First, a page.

Reprinted with permission from AlterNet.
Surely, youâve seen the pictures. A handful of Marjory Stoneman Douglas High School students watched in dismay as the Florida House blocked debate on a bill to ban assault rifles, less than a week after 17 people were gunned down at their school.
âIâm calling on every student/teacher/parent 2 exercise 1st Amendment Right & engage in sit-ins, protest, walkouts & legal demonstrations. NOW IS THE TIME,âÂ state Democratic Rep. Kionne McGheeÂ tweeted Wednesday, when his procedural move that would have allowed the Florida House to debate the bill was shut down.
While pollsters and political observers across the country are saying the political response to the nationâs latest mass shootingÂ will be differentÂ because young people are speaking up, organizing and calling for gun controls in unprecedented mannersâincludingÂ mass demonstrationsÂ in Tallahassee Wednesdayâthere is a hard truth behind the Florida Houseâs cold-hearted, high-profile snub.
âTo the young people getting woke to the politics of gun control, hereâs the reality: The old farts who are elected to office donât give a damn because you donât vote,âÂ tweeted Michael McDonald, a University of Florida demographer and nationally known voter turnout expert. âAverage midterm turnout rates for ages 18-29 is a pathetic 20 percent. If you want to change the world start by voting.â
And this generational apathy has only gotten worse, not better, over time.
âFurther context: the Census Bureau reports ages 18-29 turnout rate was 30 percent in 1974, the first midterm election 18-20 yr olds could vote (except in 4 states) and followed the close of the Vietnam War,âÂ McDonald tweeted. âWas the highest midterm turnout rate for ages 18-29 from 1974 to 2014.â
McDonald isnât trying to be the grim reaper at a moment of great trauma for students who experienced a mass shooting. Thereâs a rising tide of support nationwide elevating the teenagers’ call for reasonable gun controls, which is seen in celebrity donations for their marches and other protests.
But he raises a salient point. Florida may be a purple state demographicallyâevenly splitÂ between Republicans and Democrats. But the GOP has dominated its statewide politics for most of this decade, and the legislature has a record of blocking gun controls, includingÂ pre-emptingÂ gun laws that remain in municipal law books.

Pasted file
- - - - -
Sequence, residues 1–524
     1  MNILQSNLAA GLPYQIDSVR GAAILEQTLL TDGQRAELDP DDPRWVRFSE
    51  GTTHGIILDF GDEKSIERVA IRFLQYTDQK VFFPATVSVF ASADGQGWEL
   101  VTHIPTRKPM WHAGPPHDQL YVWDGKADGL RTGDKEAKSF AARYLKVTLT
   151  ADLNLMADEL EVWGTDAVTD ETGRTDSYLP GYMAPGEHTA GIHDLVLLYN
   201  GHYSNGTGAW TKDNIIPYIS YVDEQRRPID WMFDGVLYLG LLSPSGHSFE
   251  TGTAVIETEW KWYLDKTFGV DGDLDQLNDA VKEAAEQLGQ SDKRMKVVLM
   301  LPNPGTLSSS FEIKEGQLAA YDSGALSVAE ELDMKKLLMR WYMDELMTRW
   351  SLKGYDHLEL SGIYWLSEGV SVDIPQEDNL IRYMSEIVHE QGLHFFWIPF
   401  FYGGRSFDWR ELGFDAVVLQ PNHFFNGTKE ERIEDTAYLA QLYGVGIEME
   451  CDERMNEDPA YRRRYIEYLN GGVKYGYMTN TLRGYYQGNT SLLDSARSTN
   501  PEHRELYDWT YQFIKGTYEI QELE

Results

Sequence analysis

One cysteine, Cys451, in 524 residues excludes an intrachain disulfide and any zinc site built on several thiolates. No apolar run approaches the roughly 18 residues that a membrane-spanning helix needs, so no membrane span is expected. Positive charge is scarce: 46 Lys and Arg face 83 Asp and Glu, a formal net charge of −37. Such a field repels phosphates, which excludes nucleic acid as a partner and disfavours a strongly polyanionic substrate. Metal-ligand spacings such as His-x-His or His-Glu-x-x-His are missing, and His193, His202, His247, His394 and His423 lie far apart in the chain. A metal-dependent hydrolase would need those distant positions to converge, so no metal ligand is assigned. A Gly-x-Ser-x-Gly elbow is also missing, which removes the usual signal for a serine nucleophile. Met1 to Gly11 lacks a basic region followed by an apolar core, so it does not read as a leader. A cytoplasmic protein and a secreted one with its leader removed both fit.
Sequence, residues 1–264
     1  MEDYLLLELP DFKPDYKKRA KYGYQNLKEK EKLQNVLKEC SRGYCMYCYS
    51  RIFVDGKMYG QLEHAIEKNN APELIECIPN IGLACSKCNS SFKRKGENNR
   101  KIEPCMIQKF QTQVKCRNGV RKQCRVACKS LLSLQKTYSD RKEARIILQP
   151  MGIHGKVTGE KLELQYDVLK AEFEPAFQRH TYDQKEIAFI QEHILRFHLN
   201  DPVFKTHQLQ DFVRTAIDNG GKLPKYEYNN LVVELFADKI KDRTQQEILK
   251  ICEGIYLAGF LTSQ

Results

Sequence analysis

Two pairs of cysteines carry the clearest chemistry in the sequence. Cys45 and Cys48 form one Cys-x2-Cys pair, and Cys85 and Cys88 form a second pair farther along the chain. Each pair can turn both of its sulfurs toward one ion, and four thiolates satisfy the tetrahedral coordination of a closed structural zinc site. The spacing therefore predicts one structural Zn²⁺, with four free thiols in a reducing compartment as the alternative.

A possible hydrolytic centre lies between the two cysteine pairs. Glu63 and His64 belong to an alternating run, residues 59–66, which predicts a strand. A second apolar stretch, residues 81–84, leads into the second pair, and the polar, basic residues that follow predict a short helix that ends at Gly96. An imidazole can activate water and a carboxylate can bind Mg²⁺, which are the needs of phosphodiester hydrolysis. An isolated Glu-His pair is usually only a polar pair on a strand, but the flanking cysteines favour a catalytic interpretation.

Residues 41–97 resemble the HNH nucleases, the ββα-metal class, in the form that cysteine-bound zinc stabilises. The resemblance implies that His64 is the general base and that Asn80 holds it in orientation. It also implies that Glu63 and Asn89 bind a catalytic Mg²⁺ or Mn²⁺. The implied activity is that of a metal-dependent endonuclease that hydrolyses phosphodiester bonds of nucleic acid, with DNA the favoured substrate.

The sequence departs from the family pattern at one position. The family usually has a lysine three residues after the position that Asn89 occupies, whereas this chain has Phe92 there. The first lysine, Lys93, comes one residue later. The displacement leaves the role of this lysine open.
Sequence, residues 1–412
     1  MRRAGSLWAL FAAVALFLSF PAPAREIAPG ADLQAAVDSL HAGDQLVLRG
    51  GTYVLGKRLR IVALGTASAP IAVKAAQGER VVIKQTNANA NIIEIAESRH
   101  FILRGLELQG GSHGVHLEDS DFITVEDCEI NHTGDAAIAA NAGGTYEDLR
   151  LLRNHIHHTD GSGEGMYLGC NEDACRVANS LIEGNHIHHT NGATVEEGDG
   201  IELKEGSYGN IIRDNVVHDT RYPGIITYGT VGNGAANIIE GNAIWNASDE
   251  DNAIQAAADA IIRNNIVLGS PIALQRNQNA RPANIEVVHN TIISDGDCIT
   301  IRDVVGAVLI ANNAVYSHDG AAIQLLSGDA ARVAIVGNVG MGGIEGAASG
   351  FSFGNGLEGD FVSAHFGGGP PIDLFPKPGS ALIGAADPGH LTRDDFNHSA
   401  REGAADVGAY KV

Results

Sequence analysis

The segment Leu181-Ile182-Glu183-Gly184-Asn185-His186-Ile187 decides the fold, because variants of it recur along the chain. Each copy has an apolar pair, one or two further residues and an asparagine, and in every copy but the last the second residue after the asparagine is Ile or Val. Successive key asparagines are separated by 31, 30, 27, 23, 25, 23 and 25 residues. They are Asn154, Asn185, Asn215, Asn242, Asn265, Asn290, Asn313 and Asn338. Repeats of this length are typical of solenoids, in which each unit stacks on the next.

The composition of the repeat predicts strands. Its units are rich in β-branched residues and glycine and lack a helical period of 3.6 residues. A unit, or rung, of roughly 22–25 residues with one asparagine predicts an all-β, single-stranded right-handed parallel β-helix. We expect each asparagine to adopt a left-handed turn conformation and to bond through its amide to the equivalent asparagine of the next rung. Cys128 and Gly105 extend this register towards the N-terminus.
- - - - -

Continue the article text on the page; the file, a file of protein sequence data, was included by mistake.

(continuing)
In other words, Florida Republicans know they can ignore young people’s demands, or patronize them, because when they look past the latest wave of outrage and protests, the historic pattern is this slice of the electorate largely doesnât turn out and voteâespecially during non-presidential yearsÂ like 2018.
Thus, the Florida House overwhelmingly voted Tuesday to block debate on a bill to ban the category of weapon used in the latest massacre. But as theÂ South Florida Sun SentinelÂ noted, its legislative leaders are looking at more watered-down proposals, such as possibly “raising age restrictions for gun purchases” and “temporarily taking away someone’s guns if they are deemed a threat.â
Maybe this latest mass shooting will be different and will galvanize a new wave of political advocacy. But that usually is a longer game and involves voting every time there’s an election.
That hasn’t been the pattern for young people. Indeed,Â demographic voter turnout analysesÂ from the U.S. Election Project, which McDonald oversees, notes that twice as many people under age 30 vote in presidential years as in midterms. In presidential elections, 40 percent of eligible voters under age 30 typically cast ballots. In midterm years like 2018, itâs under 20 percent.
That doesnât mean younger people donât care about politics and arenât voting. Itâs just that their numbers are poor in midterm years and creeping up slowly in the presidential years. For example, in 2016 theÂ Pew Research Center foundÂ the electorateâs age was skewing toward younger generations, as opposed to what’s been historically larger numbers by seniors and the elderly.
âMillennials and Generation Xers cast 69.6 million votes in the 2016 general election, a slight majority of the 137.5 million total votes cast,âÂ Pew reported. âMeanwhile, Boomers and older voters represented fewer than half of all votes for the first time in decades. The shift has occurred as Millennials accounted forÂ a growing share of the electorateÂ and as those in the Silent and Greatest generations aged and died.â
But going back to the Florida Houseâs refusal to debate a bill banning assault rifles and high-capacity magazines, itâs not hard to parse the GOP majorityâs thinking. They know the people calling for new gun controls are part of a generation that historically doesnât turn out in significant numbers, especially in midterm years. Young people may be massing in the state capital and demanding action on Wednesday, but whether their voter turnout patterns will change remains to be seen. For now, the Florida GOP is betting they will forget about voting later this year.